The multi-award-winning virtuosa trumpeter and classical music advocate plays pieces from her new album, released on 13 May, and talks about her music with BBC Radio 3’s Clemency Burton-Hill. She is accompanied by the 2014 Young Musician of the Year, Martin James Bartlett.
The world is blowing up. Every day a new blaze seems to ignite: the bloody implosion of Iraq and Syria; the East-West standoff in Ukraine; abducted schoolgirls in Nigeria. Is there some thread tying these frightening international security crises together? In a riveting account that weaves history with fast-moving reportage and insider accounts from the Afghanistan war, Sarah Chayes identifies the unexpected link: corruption. Since the late 1990s, corruption has reached such an extent that some governments resemble glorified criminal gangs, bent solely on their own enrichment. These kleptocrats drive indignant populations to extremes-ranging from revolution to militant puritanical religion. Chayes is a senior associate in the Democracy and Rule of Law Program at the Carnegie Endowment for International Peace and the author of The Punishment of Virtue. Harding is the author of A Very Expensive Poison [see event 83] and one of the journalists on the Panama Papers story. They talk to Oliver Bullough, Orwell Prize shortlisted author of Let Our Fame Be Great and the writer and presenter of the film about Ukranian corruption Bloody Money [see event 443].
Come, dragon tamers everywhere! Practise your Dragonese with author and illustrator Cressida Cowell, creator of the awesome How to Train your Dragon books. Learn the secrets of Hiccup Horrendous Haddock the Third – sword-fighter, dragon whisperer and greatest Viking Hero who ever lived. The author celebrates the grand finale of this best-selling series.
Described by John Green as “an insanely beautiful writer”, the award-winning author of the Chaos Walking trilogy has just completed the screenplay for a major motion picture of A Monster Calls. Join him and enjoy a first preview of scenes from the film.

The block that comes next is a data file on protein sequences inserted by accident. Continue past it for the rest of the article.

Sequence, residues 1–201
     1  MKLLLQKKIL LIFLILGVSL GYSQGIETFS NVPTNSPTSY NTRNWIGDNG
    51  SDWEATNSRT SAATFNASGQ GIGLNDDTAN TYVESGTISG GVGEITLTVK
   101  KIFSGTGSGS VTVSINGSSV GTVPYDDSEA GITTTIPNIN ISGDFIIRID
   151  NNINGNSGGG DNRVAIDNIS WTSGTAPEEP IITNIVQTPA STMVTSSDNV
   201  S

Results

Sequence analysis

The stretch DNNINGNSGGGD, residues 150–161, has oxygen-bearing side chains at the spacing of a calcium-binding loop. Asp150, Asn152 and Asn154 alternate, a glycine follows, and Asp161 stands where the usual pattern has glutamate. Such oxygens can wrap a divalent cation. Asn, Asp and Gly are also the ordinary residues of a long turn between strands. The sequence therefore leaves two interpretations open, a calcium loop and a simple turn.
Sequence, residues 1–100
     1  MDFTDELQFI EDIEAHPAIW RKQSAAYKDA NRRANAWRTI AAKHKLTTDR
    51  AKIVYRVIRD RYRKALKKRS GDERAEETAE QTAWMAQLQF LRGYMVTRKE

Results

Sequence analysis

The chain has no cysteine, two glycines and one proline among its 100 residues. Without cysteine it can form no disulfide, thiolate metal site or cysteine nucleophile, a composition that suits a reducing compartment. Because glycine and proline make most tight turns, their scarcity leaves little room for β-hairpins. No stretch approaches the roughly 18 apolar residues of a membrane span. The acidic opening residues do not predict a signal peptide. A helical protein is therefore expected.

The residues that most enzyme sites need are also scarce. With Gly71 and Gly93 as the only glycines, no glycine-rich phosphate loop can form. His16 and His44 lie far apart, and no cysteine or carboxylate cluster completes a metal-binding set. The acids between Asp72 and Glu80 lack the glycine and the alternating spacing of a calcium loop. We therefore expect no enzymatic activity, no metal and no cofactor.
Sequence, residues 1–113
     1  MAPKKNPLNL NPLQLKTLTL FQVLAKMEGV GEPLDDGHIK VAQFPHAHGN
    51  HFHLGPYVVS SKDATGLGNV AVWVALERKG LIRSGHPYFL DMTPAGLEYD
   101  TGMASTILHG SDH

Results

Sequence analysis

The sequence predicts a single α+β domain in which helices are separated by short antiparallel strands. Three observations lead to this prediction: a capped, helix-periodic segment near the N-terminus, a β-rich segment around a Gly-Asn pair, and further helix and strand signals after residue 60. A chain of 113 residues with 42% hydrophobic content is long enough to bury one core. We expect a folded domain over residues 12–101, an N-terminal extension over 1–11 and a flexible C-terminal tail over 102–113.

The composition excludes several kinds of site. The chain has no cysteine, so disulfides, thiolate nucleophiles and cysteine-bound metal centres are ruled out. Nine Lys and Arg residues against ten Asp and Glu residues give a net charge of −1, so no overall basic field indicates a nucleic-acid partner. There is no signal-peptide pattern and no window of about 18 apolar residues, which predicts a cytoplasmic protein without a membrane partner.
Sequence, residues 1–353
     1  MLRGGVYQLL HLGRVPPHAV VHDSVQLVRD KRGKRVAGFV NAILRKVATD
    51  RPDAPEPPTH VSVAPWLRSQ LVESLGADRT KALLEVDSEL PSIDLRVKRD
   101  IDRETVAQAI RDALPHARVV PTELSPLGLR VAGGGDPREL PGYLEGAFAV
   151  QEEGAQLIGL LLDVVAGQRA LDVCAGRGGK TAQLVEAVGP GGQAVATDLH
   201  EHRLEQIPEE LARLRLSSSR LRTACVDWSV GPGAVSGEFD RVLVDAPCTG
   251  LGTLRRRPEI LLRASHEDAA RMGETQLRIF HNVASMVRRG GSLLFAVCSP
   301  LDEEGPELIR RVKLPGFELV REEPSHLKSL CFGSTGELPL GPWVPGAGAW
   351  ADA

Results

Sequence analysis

The chair of the Wellcome Book Prize jury reflects on how we share what we know, and how science progresses. The shortlist for this year’s prize is The Outrun by Amy Liptrot, Signs for Lost Children by Sarah Moss, It’s All In Your Head by Suzanne O’Sullivan, Playthings by Alex Pheby, The Last Act of Love by Cathy Rentzenbrink and NeuroTribes by Steve Silberman. The winner is announced on 25 April.
The Samuel Johnson Prize-winning author of 1599 offers an intimate portrait of one of Shakespeare’s most inspired moments: the year of King Lear, Macbeth and Antony and Cleopatra. 1606, while a very good year for Shakespeare, is a fraught one for England. Plague returns. There is surprising resistance to the new king’s desire to turn England and Scotland into a united Britain. And fear and uncertainty sweep the land and expose deep divisions in the aftermath of a failed terrorist attack that came to be known as the Gunpowder Plot.
Baxter’s drawings are a delicious stew of pulp adventure novels, highbrow jinks, and outright absurdity: lonesome cowboys confront the latest in modern art, brave men tremble before moussaka, schoolgirls hoard hashish, and the world’s fruits are in constant peril. Wimples abound. The artist talks to John Mitchinson.
Working memory allows us to hold information in mind. How does this influence our everyday lives? Professor Gathercole is Unit Director at the MRC Cognition and Brain Sciences Unit.